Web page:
When you have the type of A-list talent behind a title like 'Tokyo Ghost,' you expect a lot and hope such a concentration of genius was worth your time. Rick Remender, Sean Murphy and Matt Hollingsworth not only deliver, but they've essentially created the equivalent of a summer blockbuster action movie. What 'Mad Max: Fury Road' did for movies, 'Tokyo Ghost' does for comic books. It's a wild non-stop techno-obsessed dystopian action thriller that is designed to make you think as it blows your mind.
On the Isle of Los Angeles, digital stimulation is the drug of choice and drug lords rule the land. When wild cards like the murderous Davey Trauma gets out of hand they call in Constables like Debbie Decay and her technologically-obsessed lunk of a boyfriend Led Dent to bring him to justice. Debbie provides the narration to keep readers informed as the story speeds ahead constantly hitting a higher gear. The race to bring in the narcissistic psychopath leads to an exciting hyperactive police procedural tripping on adrenaline.
Remender's commentary on the public's reliance on technology and constant stimulation from television and social media is not subtle but nothing about 'Tokyo Ghost'is meant to be. It's a world that's been desensitized from real emotion or feeling. Some go to extremes to actually feel something whether it's through sex or watching street racers crash and burn before their eyes.
There are pointed scenes like Debbie trading self-esteem pills with a bouncer for access to a club. These tech-zombies are epitomized by Debbie's partner, the hulking Led, who is mesmerized by TV and social media and always connected throughout the issue. It doesn't stop him from scraping the off of an informant while riding his futuristic motorcycle though.
'Tokyo Ghost' is as much a cautionary tale as it is a high-octane thrill ride.
Debbie Decay is the heart of the story. She's a fearless and relentless badass that is determined to catch Trauma but her codependency to the seemingly unavailable Led draws comparisons to Harley Quinn. She hopes that "this one last job" will lead to a greener, digital-free life elsewhere with Led where he'll disconnect and be human again. It gives the story much more weight and Debbie more development.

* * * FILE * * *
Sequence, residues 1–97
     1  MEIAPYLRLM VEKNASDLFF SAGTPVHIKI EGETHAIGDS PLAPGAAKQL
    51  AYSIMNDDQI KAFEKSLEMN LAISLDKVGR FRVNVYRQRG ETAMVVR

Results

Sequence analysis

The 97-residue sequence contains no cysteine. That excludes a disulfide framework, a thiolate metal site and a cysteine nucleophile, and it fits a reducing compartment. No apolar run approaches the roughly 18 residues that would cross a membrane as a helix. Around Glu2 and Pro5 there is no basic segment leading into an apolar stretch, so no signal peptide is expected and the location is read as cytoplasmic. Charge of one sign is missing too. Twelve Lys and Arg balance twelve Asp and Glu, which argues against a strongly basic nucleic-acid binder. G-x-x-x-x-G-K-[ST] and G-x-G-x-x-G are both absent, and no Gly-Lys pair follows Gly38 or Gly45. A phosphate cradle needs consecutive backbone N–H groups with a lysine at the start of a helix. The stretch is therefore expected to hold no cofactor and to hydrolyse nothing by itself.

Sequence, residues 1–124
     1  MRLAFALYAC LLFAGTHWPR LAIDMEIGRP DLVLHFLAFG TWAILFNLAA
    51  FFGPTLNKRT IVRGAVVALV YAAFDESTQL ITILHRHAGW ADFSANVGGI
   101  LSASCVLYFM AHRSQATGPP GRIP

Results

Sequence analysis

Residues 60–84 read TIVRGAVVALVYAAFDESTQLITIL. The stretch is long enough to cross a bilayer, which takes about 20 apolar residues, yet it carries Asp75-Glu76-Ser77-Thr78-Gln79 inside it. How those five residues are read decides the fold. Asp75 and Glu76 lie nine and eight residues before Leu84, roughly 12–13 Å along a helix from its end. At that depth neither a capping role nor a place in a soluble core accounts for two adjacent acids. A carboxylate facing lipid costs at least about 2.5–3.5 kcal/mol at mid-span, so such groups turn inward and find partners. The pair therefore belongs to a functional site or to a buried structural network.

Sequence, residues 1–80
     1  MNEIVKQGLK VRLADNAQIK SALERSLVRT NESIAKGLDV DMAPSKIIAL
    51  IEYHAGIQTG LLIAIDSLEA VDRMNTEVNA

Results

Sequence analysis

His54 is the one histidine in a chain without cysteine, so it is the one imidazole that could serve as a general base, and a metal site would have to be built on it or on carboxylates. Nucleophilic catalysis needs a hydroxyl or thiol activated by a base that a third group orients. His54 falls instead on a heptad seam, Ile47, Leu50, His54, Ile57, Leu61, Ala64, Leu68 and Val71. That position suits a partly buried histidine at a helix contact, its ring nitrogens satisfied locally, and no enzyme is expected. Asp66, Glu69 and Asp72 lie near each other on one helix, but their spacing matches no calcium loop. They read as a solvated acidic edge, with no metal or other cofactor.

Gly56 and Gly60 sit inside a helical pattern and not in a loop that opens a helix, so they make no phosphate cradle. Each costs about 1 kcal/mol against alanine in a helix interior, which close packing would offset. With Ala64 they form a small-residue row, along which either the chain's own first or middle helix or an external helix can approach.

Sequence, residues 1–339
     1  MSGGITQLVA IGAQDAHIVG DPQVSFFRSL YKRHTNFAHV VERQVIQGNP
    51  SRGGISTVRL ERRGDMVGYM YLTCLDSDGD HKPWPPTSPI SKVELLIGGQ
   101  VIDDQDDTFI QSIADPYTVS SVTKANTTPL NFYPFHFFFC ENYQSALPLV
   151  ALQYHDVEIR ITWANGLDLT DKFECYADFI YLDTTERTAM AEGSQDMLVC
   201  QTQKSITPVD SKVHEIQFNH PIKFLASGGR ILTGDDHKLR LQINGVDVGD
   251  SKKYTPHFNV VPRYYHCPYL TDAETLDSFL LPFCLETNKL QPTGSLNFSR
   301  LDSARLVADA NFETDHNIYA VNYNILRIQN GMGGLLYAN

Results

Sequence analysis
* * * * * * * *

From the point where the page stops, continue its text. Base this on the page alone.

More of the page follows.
Just when you think Sean Murphy has peaked he reaches new levels of creativity and artistic virtuosity. His work on his creator-owned 'Punk Rock Jesus' was outstanding. 'The Wake' proved there's nothing writer Scott Snyder could throw at him that he couldn't render even sea monsters. Finally, not even Mark Millar could trip Murphy up by exhaustingly illustrating various periods from history for 'Chrononauts.'This time around there's probably no other artist tailor-made to bring this dystopian techno-world to life like Sean Murphy.
Each scene is intricately laid-out with more detail than we deserve with enough kinetic energy to power a small country. The influences are hard to dismiss but with a mixture of nods to 'Judge Dredd,' 'Road Warrior,' and 'Blade Runner' Murphy creates a fully realized dystopian world. Murphy's signature designs from characters to vehicles are sharp and exhaustive.The landscapes are all encompassing even with some easter eggs along the way.Murphy has gone hog-wild with this one producing his finest work to date.
No stranger to working with Murphy, Matt Hollingsworth knows how to highlight his pencils and breathe life into each scene with moody colors and warm textures where needed. While there is so much to look at on each page, Hollingsworth finds a way to keep the focus on the foreground and emphasize the action of the characters. After 'Chrononauts' and 'The Wake,' the team of Murphy and Hollingsworth have done it again.
'Tokyo Ghost' has energy and visual invention that is so fully realized and dazzling that it thrashes with a punk-rock beat. The creators conjured up an exhilarating, deranged and exhausting tour de force that highlight each of their strengths. It also wraps a beating heart of tenderness in one of the most epic action extravaganzas in comics. Get this book now.